What makes the difference?  Certainly the body's biorhythms play a part.  As do the chemicals that play havoc with my emotions.  But, I can't help wondering if one day I am on fire with the light of Christ and the next, I have lost it.

It is not that His light has disappeared.  It is that I choose to ignore it.  It is a theory that is increasingly consuming my thoughts.  Could I change me, and therefore my world, if I consciously seek His light?  Or is it all a matter of my mixed up hormones and the changing circumstances of each new day?

This I know for sure:  His light is my light when I seek it.





Friday, June 22, 2012

Day 170, June 22

"An age is called Dark, not because the light fails to shine, but because people refuse to see it."--James A. Michener

In school, when we studied the Dark Ages, I wondered what would possess people to act as they did, with cruelty, without regard to human decency and rights.  It wasn't until I was much older that I realized those years were so utterly dark because the light of Christ had been withdrawn from the earth.   He withdrew it because the people refused to look up and see it.

In my own life, I am beginning to make the same connection.  When I am filled with the light of Christ, I feel optimistic, productive, charitable.  When I eschew that light, when I actively push it away, I feel lonely, depressed, afraid.   Why I hadn't made this connection earlier is, I'm afraid, a testatment to my own stubborn and willful nature.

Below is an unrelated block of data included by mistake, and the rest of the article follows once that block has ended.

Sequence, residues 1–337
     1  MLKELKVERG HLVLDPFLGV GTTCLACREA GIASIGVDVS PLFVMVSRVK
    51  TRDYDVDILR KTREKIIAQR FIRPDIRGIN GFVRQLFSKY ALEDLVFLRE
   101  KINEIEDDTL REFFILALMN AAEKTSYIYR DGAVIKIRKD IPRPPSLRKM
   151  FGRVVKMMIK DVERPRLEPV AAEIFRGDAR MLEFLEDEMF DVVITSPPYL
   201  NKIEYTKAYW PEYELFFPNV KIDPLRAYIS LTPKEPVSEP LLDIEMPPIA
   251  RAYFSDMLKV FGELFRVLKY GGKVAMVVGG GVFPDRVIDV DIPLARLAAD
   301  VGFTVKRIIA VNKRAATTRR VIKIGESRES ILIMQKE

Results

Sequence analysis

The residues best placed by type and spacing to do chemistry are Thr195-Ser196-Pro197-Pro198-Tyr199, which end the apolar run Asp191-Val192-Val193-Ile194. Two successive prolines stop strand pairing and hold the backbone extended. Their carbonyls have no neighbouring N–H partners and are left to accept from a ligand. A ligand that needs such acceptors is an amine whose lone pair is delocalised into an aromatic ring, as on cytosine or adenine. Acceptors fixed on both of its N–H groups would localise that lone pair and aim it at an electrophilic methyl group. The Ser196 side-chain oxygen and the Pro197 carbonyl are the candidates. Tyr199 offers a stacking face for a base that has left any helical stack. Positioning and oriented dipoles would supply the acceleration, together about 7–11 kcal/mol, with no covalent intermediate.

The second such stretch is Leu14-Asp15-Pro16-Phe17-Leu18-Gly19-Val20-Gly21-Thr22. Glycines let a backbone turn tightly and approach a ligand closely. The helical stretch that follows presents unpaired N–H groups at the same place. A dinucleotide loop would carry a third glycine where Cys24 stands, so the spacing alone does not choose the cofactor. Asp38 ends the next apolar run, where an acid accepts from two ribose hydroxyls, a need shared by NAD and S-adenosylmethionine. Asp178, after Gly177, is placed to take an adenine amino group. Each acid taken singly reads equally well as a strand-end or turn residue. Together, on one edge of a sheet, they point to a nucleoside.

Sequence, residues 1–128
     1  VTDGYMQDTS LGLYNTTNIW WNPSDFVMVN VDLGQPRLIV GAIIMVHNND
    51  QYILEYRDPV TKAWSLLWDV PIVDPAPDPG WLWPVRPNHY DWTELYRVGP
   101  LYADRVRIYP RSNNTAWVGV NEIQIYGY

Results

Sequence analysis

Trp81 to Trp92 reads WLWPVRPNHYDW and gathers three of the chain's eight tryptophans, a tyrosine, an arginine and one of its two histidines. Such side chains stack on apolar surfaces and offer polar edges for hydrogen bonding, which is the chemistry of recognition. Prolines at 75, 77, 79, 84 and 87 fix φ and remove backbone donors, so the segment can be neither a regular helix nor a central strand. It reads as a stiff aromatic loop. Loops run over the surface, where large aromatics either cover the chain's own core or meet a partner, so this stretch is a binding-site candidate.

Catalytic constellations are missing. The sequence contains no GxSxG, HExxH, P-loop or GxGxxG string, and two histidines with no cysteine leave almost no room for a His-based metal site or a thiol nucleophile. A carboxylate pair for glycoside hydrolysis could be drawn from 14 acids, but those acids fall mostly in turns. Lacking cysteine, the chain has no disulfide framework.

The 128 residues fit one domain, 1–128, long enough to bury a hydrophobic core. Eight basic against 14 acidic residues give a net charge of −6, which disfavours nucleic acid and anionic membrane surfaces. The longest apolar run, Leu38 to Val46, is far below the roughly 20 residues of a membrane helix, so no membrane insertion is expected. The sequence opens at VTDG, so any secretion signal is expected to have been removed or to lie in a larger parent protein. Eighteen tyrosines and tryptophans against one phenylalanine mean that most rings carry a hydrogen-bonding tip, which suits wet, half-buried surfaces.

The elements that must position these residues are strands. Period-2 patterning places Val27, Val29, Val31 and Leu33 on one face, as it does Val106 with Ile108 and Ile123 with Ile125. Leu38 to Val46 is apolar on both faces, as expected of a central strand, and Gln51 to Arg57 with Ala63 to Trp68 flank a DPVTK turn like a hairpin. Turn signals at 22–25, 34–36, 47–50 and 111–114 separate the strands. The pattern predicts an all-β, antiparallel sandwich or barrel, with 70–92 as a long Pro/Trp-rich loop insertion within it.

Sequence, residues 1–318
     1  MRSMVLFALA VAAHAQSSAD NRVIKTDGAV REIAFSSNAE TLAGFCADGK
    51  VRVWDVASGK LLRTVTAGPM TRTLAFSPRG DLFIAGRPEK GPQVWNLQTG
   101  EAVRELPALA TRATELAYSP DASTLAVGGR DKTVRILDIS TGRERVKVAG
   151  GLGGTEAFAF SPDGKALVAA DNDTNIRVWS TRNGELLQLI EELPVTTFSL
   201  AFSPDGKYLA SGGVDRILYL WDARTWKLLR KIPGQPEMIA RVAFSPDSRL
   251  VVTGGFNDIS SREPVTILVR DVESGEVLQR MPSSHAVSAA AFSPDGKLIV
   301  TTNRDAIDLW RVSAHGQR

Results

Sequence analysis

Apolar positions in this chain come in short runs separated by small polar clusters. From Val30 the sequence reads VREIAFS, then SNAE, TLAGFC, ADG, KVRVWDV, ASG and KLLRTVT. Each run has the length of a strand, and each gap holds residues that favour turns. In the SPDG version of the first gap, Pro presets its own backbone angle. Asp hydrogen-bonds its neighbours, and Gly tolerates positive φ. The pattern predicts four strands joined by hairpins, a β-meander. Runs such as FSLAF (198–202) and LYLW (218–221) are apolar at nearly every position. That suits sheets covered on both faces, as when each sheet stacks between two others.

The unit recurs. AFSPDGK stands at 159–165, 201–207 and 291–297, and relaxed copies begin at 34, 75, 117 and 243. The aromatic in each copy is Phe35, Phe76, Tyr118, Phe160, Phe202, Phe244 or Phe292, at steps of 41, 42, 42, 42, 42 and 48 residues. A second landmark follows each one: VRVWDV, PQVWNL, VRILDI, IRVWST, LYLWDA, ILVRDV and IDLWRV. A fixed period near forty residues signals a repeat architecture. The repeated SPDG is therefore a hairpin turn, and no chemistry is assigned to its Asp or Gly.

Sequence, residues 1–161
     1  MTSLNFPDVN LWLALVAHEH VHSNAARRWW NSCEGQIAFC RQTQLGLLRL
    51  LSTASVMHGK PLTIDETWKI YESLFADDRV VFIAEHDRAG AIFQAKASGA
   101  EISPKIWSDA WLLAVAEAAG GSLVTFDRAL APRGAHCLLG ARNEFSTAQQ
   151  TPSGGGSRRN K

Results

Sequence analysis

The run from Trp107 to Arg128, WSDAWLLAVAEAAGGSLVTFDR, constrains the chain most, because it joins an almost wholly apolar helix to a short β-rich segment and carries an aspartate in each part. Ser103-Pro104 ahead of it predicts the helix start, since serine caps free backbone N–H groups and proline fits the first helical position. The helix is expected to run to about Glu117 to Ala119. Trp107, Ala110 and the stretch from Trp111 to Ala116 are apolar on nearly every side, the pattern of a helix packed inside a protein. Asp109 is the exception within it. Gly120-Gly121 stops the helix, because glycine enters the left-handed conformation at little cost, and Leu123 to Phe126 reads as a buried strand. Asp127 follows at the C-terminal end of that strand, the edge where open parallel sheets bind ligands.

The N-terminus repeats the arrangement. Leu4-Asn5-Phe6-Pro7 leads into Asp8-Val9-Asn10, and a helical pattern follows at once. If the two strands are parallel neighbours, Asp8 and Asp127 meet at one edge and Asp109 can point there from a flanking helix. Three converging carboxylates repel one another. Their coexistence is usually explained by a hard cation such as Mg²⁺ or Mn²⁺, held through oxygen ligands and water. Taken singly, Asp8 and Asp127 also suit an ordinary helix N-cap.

The light of Christ is available to all.  Imagine the indescribable difference in our world if we all embraced the light of Christ.  What kind of world would we have:  one of happiness, joy, intelligence, compassion, beauty, kindness, etc.

This I know for sure:  when we walk in the light, we are on our path back to the Father. When we dwell in the darkness, we are on the path to His adversary.


Thursday, June 21, 2012

Day 169, June 21

"People from a planet without flowers would think we must be mad with joy the whole time to have such things about us."--Iris Murdoch

I love flowers, but I rarely take the time to simply gaze at them and appreciate, to inihale their fragrance, to enjoy the sheer perfection of one of the Father's most magnificent creations.  And I wonder how many other things I neglect to appreciate.  Do I pay homage to the sky, with its broad expanse of blue and the infinite variety of colors it offers at sunrise and sunset?  Do I view the Rocky Mountains which provide a backdrop for our home with awe and wonder?  Or do I pass them off with little notice or regard?